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Gates Corp. v. CRP Industries, Inc.

United States District Court, D. Colorado

November 28, 2017



          Kristen L. Mix United States Magistrate Judge.

         This matter is before the Court on Defendant's Rule 12(b)(6) Motion to Dismiss [#54][1] (the “Motion”). Plaintiff filed a Response [#55] in opposition to the Motion to Dismiss, and Defendant filed a Reply [#56]. The Court has reviewed the Motion, the Response, the Reply, the entire case file, and the applicable law, and is sufficiently advised in the premises. For the reasons set forth below, the Motion [#54] is DENIED.[2]

         I. Background[3]

         A. Factual Background

         Plaintiff is a Delaware corporation that manufactures power transmission belts and fluid power products that are used in diverse industrial and automotive applications. Am. Compl. [#49] ¶ 8. Defendant is a New Jersey corporation that distributes and sells automotive and other industrial products. Id. ¶ 9. The parties are direct competitors. Id.

         Plaintiff has created an electronic database of confidential business information, which Plaintiff describes as the “backbone of [its] sales.” Id. ¶¶ 10, 13. The database includes information about products that Plaintiff plans to offer before the information is made public, as well as valuable market research. Id. ¶ 13. The database also stores Vehicles in Operation (“VIO”) data, which is non-public, proprietary data for which Plaintiff pays an annual premium to access from another source. Id. ¶ 12. Plaintiff's database is stored in a password-protected file on a password-protected server. Id. ¶¶ 10-11. Certain employees are given access to the database after they have signed confidentiality agreements, and unauthorized or anonymous access is not permitted. Id. ¶ 11. Select customers are permitted to access only certain classes of information in the database. Id. Plaintiff pays researchers a combined salary of over $50, 000 per month to keep the information updated. Id. ¶ 13.

         Laura Bale (“Bale”) was Plaintiff's employee for 25 years. Id. ¶ 15. While employed by Plaintiff, Ms. Bale developed software and was involved with storage of the automotive parts list in the database. Id. She was assigned a personal username and password to access the database. Id. On August 25, 2009, Plaintiff terminated Ms. Bale's employment, at which time her username and password were deactivated and she signed an “Employee Termination Statement, ” which stated her agreement to turn over all confidential and trade secret information to Plaintiff and agreed not to share that information with anyone. Id. ¶16.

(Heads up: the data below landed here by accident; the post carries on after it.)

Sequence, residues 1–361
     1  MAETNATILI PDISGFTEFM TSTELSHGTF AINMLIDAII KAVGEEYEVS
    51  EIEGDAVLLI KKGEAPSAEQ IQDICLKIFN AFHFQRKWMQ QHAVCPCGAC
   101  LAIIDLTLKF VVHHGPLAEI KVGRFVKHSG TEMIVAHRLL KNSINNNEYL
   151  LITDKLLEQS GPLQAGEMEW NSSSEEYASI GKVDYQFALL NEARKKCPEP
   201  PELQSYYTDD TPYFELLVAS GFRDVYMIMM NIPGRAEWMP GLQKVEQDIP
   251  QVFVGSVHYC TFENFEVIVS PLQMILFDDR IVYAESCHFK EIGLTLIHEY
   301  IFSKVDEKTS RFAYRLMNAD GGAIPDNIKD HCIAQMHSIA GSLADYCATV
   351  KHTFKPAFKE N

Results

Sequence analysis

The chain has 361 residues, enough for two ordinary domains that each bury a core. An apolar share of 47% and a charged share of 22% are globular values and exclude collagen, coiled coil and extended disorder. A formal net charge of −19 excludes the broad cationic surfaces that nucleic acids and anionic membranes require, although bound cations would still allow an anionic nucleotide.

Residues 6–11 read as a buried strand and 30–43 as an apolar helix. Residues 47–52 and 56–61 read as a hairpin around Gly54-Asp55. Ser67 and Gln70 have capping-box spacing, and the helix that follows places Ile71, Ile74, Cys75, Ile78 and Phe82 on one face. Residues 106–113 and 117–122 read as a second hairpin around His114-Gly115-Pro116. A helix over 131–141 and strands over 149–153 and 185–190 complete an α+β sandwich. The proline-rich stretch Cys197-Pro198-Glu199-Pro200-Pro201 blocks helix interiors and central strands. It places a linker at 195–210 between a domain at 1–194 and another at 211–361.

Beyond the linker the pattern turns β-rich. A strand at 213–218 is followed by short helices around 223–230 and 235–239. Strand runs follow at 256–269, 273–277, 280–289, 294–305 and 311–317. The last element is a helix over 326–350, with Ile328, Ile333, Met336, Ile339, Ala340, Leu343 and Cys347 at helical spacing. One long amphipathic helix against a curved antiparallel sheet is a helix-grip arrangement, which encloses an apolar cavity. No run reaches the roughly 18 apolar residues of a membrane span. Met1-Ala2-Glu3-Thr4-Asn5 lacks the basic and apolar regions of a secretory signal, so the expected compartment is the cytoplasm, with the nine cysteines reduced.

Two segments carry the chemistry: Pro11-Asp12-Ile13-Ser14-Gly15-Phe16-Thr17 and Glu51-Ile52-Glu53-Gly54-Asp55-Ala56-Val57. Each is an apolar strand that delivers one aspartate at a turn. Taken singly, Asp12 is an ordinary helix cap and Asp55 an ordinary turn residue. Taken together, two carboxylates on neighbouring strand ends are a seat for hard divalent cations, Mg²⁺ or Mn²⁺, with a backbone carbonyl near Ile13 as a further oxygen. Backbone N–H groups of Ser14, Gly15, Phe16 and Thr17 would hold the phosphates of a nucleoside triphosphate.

Ms. Bale began working for the Defendant in February 2010. Id. ¶17. Plaintiff sent Ms. Bale a letter on February 15, 2010, reminding her to keep Plaintiff's information confidential. Id. Plaintiff copied Defendant on the letter. Id. Two years later, on February 8, 2012, Plaintiff became aware that Ms. Bale had unlawfully accessed Plaintiff's database. Id. ¶18. Ms. Bale's former supervisor, David Haun (“Haun”), received an e-mail from Ms. Bale that attached VIO data and had the subject line “Present, ” with text that read “Check this out . . . [.]” Id. Mr. Haun suspected that the e-mail was intended for David Hirschhorn (“Hirschhorn”), Defendant's Director of Brand Management who was Ms. Bale's supervisor at the time, and that Plaintiff had unlawfully accessed Plaintiff's database and attempted to send the information to Mr. Hirschhorn. Id. ¶¶ 19, 20. Mr. Haun confirmed that the attachment to the e-mail contained information that matched VIO data, and on reviewing the server logs, discovered that the same IP address in the header of Ms. Bale's e-mail had been used on several previous occasions to access Plaintiff's server. Id. ¶ 20. Plaintiff thereafter notified the Federal Bureau of Investigations (“FBI”), which commenced an investigation. Id. ¶ 21.